What to Do for Leg Cramps

Painful and involuntary contractions occurring suddenly in a leg muscle is referred to as leg cramp. Leg cramps usually causes no harm and no reason is found in most of the cases. However, sometimes they may occur due to an underlying disease such as peripheral artery disease or diabetes mellitus. Elderly are more prone to develop leg cramps–approximately 33% of people older than 60 years and 50% of people older than 80 years experience leg cramps regularly. Leg cramps during night occur more frequently in pregnant women than to non-pregnant women.

What to Do for Leg Cramps

Usually leg cramps last for only a few seconds to a few minutes. However, in some rare cases, they may last up to 10 minutes. Sometimes the pain from leg cramp can be so severe that it wakes the patient from sleep and the muscles can be tender for the whole day afterwards. So, what can be done to soothe these annoying cramps?

1. Do Some Exercises

  • Flex and point your toes in the upward direction as soon a leg cramp occurs. Hold each position for around 2 seconds. Repeat the pose for 30 seconds to 60 seconds.
  • Walking around on heels leads to contraction and expansion of muscles, which can massage calf muscles, increase blood circulation, and thereby relieve leg cramp.
  • Stretch your cramped calf. To do this, put the affected leg behind the normal leg with a distance of around 1 foot between them and then bend the knee on your normal leg in front.
  • Stand by placing your feet hip width apart around 2-3 feet from a wall. Now put your hands shoulder-width apart on the wall. Lean forward and bend the elbows. This helps to stretch both calves. Hold this pose for 5 seconds and do it 5 minutes.
  • Massage the cramped muscle. Sit and place your cramped leg over the normal thigh and give it a massage. According to your preference, you can apply either deeper or firmer pressure.

2. Apply Heat

If the cramp persists, apply a warm compress to the area with a heating pad or a warm towel to increase blood circulation and relieve cramp. If the cramp persists even after 5 minutes, take a warm shower. This will help heat the muscle and may relieve the cramp.

3. Take Painkiller

What to do for leg cramps? Take painkillers may help. Though the pain may be reduced by taking painkillers, still they take some time to work and by that time most probably the cramp is gone. However, if a person has a severe leg cramp and persistence tender calf muscle persists, an over-the-counter painkiller may be of help.

4. Take Quinine

According to some studies, a number of people get some relief by taking quinine. However, there is no information regarding its long-term effectiveness and safety. Doctors may recommend quinine if the cramps are not relieved by stretching, if there are frequent attacks of leg cramps and/or if the person’s quality of life is compromised by the cramps.

The medicine has to be taken once at night before sleeping and the course of treatment lasts from 4-6 weeks. Quinine should not be taken by pregnant women, persons reacting to quinine, and persons suffering from hemolytic anemia, glucose 6-phosphate dehydrogenase deficiency and/or optic neuritis. Although side effects are rare due to the low dose, patients who are given quinine for leg cramps should still be monitored closely.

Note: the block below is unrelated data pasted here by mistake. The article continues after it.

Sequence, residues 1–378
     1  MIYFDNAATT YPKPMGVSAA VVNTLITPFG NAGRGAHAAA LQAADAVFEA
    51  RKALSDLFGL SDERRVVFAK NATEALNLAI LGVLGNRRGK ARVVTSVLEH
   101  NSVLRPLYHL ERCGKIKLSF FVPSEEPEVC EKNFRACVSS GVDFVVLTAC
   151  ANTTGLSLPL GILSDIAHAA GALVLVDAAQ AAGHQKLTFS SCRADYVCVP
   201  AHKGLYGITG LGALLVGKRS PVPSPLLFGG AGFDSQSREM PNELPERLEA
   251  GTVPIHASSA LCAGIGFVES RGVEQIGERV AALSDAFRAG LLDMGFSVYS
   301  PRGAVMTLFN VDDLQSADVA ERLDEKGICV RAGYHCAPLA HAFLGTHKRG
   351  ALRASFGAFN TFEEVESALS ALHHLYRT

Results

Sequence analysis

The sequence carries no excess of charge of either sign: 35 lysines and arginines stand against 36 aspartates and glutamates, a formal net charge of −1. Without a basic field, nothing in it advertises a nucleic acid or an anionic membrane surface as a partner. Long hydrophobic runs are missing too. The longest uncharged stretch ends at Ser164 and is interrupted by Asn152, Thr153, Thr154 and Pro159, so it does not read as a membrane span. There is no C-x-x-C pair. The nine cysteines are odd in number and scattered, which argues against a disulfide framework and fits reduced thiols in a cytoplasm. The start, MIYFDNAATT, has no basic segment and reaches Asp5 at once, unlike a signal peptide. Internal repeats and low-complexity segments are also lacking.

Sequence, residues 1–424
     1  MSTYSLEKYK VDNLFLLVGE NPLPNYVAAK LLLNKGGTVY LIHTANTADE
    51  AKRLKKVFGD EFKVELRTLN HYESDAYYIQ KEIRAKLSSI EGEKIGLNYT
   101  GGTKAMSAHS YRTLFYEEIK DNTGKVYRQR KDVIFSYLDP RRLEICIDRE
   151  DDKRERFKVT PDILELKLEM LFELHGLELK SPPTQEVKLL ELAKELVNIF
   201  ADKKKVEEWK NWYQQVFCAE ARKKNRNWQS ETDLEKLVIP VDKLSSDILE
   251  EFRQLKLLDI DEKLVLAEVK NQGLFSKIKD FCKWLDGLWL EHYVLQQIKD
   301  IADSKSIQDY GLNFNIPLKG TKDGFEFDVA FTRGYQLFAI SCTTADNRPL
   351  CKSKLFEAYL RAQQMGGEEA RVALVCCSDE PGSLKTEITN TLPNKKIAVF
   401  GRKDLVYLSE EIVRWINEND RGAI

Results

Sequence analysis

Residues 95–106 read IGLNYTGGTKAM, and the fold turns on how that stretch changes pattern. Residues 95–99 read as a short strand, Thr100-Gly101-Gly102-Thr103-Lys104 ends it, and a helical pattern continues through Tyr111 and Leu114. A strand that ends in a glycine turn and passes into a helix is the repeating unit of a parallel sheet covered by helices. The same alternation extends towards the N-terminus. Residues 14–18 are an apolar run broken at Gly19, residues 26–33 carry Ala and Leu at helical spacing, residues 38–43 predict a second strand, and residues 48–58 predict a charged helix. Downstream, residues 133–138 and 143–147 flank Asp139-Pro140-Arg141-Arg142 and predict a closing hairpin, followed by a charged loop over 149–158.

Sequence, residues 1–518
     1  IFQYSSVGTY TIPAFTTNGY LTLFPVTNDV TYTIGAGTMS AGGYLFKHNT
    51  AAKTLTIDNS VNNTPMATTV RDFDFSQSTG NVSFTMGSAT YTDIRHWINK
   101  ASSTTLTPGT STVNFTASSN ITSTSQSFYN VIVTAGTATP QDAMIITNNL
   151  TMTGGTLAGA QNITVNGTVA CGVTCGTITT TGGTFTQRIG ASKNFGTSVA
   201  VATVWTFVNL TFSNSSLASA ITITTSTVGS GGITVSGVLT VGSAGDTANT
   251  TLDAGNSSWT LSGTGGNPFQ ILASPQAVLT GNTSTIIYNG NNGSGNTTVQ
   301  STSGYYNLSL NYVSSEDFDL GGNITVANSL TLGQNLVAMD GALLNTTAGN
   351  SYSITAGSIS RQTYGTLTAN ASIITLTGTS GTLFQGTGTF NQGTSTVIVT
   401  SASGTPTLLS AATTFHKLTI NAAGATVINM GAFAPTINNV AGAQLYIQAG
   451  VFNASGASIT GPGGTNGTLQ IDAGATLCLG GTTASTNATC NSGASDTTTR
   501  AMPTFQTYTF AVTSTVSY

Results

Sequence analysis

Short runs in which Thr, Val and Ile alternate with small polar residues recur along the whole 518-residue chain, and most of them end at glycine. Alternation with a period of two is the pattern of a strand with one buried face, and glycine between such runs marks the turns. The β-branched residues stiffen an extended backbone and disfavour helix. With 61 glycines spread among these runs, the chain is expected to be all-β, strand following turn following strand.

5. Try Magnesium

Magnesium relaxes your muscle through counteracting the muscle tightening effect of calcium, increases potassium absorption, which is critical for proper functioning of muscle, and decreases pain by blocking pain receptors in the nervous system and brain.

If you regularly suffer from leg cramps that are not related to any underlying disorder, you can try increasing your dietary magnesium. You can get abundant magnesium by consuming various seeds and nuts. Epsom salts, a form of magnesium, can be applied to the outside of the body. You can take a hot bath with Epsom salt, or you can wet a cloth in Epsom salt water and give your cramping legs a hot compress.

How to Prevent Future Leg Cramps

After discussing answer to the question what to do for leg cramps, let's discuss some preventive measures.

1. Regular Exercise

To decrease the risk of getting leg cramps, stretching your affected muscles thrice a day is beneficial. The stretching exercise that is done by standing in front of the wall is useful to prevent future leg cramps. Do one session of this exercise just before going to bed at night.

2. Drink Enough Water

Maintaining optimal hydration is another method to prevent future leg cramps. The pain from the present cramp may not be relieved immediately, but once you have drank water or a sports drink with electrolytes, another cramp may be prevented. You should aim to drink at least eight 8-oz glasses of water every day. Even more water intake (between 9-13 cups) is recommended by some experts.

3. Change Sleep Patterns

Try to loosen the sheets around your legs during sleep. If you prefer to sleep tucked in tight and nice, you may be inviting painful cramps, especially if you sleep on the back. You should keep the sheets around your legs and feet loose so that the feet are not pressed into a position that causes the tightening of calf muscles.

4. Other Methods to Try

What to do for leg cramps? There are another 3 preventive methods to take:

  • You should always wear shoes that have arch supports and foot beds with proper cushions. Calf muscles are prone to strain and cramp with improper footwear. You can find cushioned foot inserts at most drug stores.
  • While lying in bed on your back, you can use a pillow to keep your knees up. If you sleep lying on your stomach, your feet can be placed hanging over the bed.
  • If you have daily or nightly cramps, consult your healthcare provider about quinine, calcium, potassium or magnesium supplements. 
 
 
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